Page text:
A good piece of music can be done in many forms. Some may sound better than others, but a good song has enough that performers of different styles have something to work with. One particular song started when Hoagy Carmichael, the song’s composer, was walking along and started to whistle. He was so pleased with the melody that he wanted to write it down. He called the song Star Dust and worked on it for several months, polishing it and perfecting it as he went along.
Carmichael originally thought of the song as a somewhat mid-tempo little number. The first recording of the song was made on Halloween, 1927, by “Hoagy Carmichael and his Pals,” a group that included, among others, Tommy and Jimmy Dorsey.
Somewhere along the line, the two words in the title were combined into one, making it Stardust. Carmichael recorded a somewhat slowed down version of the tune in 1928, but the lyrics, added by Mitchel Parish in 1929, made the slower tempo de rigueur. In 1931, Isham Jones made a recording of the song as a sentimental ballad.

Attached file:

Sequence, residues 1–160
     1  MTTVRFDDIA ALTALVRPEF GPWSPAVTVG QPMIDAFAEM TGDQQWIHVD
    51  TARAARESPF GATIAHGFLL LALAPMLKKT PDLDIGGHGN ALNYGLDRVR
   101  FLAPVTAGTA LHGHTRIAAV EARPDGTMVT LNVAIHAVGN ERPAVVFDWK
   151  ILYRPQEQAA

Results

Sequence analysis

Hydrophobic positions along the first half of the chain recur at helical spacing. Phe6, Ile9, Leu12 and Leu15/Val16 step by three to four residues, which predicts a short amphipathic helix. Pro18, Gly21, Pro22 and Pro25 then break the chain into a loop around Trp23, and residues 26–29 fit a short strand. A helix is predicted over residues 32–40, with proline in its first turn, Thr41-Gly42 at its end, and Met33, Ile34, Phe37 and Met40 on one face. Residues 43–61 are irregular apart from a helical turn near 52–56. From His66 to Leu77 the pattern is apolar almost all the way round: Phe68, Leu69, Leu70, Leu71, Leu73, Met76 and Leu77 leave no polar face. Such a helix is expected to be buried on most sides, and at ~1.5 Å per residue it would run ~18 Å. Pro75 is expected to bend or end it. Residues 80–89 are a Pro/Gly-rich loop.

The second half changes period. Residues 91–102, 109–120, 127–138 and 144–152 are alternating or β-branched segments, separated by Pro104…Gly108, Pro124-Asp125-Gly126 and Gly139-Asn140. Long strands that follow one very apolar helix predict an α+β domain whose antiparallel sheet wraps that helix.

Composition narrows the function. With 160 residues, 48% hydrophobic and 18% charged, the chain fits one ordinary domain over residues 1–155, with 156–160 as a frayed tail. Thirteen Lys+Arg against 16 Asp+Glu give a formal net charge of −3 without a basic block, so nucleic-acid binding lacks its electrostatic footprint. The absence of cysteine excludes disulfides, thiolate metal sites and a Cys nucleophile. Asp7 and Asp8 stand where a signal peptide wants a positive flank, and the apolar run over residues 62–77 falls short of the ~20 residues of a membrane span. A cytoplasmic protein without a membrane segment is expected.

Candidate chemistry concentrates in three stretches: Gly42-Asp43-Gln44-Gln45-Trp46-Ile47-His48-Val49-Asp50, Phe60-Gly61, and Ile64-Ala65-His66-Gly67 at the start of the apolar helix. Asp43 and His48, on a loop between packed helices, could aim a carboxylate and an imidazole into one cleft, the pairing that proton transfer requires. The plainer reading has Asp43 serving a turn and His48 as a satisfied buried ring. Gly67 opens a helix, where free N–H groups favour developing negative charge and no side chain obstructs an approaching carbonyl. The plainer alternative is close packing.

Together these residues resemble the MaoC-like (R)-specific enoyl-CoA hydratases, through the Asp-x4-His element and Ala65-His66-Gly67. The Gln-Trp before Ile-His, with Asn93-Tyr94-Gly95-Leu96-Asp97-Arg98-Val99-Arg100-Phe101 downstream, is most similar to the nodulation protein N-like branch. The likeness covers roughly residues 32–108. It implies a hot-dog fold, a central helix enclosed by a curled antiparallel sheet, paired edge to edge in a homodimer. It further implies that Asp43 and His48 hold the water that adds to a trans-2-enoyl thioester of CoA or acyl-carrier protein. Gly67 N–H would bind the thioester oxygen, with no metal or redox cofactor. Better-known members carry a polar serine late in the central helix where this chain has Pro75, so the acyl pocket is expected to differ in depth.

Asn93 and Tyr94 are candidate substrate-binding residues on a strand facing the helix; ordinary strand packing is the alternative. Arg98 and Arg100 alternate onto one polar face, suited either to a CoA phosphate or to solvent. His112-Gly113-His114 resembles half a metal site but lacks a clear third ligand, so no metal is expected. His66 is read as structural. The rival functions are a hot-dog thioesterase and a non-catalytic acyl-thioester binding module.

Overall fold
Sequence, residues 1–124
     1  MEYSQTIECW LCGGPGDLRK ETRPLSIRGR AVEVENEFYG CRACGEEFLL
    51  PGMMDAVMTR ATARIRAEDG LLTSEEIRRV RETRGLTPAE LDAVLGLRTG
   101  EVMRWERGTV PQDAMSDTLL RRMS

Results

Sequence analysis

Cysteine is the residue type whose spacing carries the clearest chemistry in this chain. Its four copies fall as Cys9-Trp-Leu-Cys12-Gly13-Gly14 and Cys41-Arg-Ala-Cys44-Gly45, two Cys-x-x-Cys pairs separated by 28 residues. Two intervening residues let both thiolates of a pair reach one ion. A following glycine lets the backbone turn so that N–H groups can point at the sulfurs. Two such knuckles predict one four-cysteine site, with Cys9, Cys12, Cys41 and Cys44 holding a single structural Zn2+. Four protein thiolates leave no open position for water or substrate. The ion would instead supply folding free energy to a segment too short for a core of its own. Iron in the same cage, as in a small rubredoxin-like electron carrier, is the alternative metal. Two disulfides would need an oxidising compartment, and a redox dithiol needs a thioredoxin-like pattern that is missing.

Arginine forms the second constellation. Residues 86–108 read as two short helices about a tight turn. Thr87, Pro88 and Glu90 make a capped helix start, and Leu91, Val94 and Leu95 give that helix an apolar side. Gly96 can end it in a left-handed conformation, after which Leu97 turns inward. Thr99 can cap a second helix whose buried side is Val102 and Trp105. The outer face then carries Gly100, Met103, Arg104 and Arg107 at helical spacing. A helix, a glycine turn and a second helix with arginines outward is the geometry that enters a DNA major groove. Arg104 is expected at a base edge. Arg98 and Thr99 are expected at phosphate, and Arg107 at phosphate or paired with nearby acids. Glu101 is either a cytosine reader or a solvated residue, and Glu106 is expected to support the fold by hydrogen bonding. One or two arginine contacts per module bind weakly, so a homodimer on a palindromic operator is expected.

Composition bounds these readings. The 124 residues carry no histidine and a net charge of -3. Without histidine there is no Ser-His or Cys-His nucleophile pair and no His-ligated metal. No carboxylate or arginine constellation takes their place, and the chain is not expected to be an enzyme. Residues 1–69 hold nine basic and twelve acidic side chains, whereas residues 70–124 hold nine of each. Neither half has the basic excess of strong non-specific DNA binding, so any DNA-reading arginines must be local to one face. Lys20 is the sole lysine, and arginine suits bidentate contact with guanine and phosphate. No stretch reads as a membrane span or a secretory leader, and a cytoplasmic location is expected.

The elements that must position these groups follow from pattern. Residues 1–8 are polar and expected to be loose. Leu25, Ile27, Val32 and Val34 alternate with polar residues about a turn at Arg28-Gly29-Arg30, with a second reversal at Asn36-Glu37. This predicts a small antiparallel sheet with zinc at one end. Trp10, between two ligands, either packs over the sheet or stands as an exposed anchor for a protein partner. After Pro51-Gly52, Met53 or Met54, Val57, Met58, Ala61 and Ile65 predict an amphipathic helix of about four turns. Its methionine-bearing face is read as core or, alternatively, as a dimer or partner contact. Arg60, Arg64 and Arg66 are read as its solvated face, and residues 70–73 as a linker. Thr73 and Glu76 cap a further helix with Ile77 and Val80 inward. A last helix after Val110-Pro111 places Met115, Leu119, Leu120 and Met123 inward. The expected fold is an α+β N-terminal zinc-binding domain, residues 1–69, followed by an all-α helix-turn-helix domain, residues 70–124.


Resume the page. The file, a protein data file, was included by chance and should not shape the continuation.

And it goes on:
In the early 1940’s, RCA records wanted to use two versions of Stardust on one record, something of a battle of the bands. They wanted to use Tommy Dorsey’s version on one side. and Artie Shaw’s version on the other. The story goes that they first presented the idea first to Dorsey. When he heard Shaw’s version, he begged them not to go through with the idea as Dorsey felt that his version of the song paled in comparison to Shaw’s, arguably the best instrument version of the song.
Walter Winchell was was a crusty old journalist. If you have ever seen an episode of the old TV show The Untouchables, Winchell is the narrator. He was hard as nails and nothing got to him — except Nat King Cole’s version in 1957, considered the best vocal version of the song. This version bought Winchell to tears.
There have been over 1500 recordings of Stardust. It was considered the most recorded song in History until Paul McCartney’s Yesterday took the top spot. What ever version in whatever style you like, the song is a classic that will be played hundreds of years from now.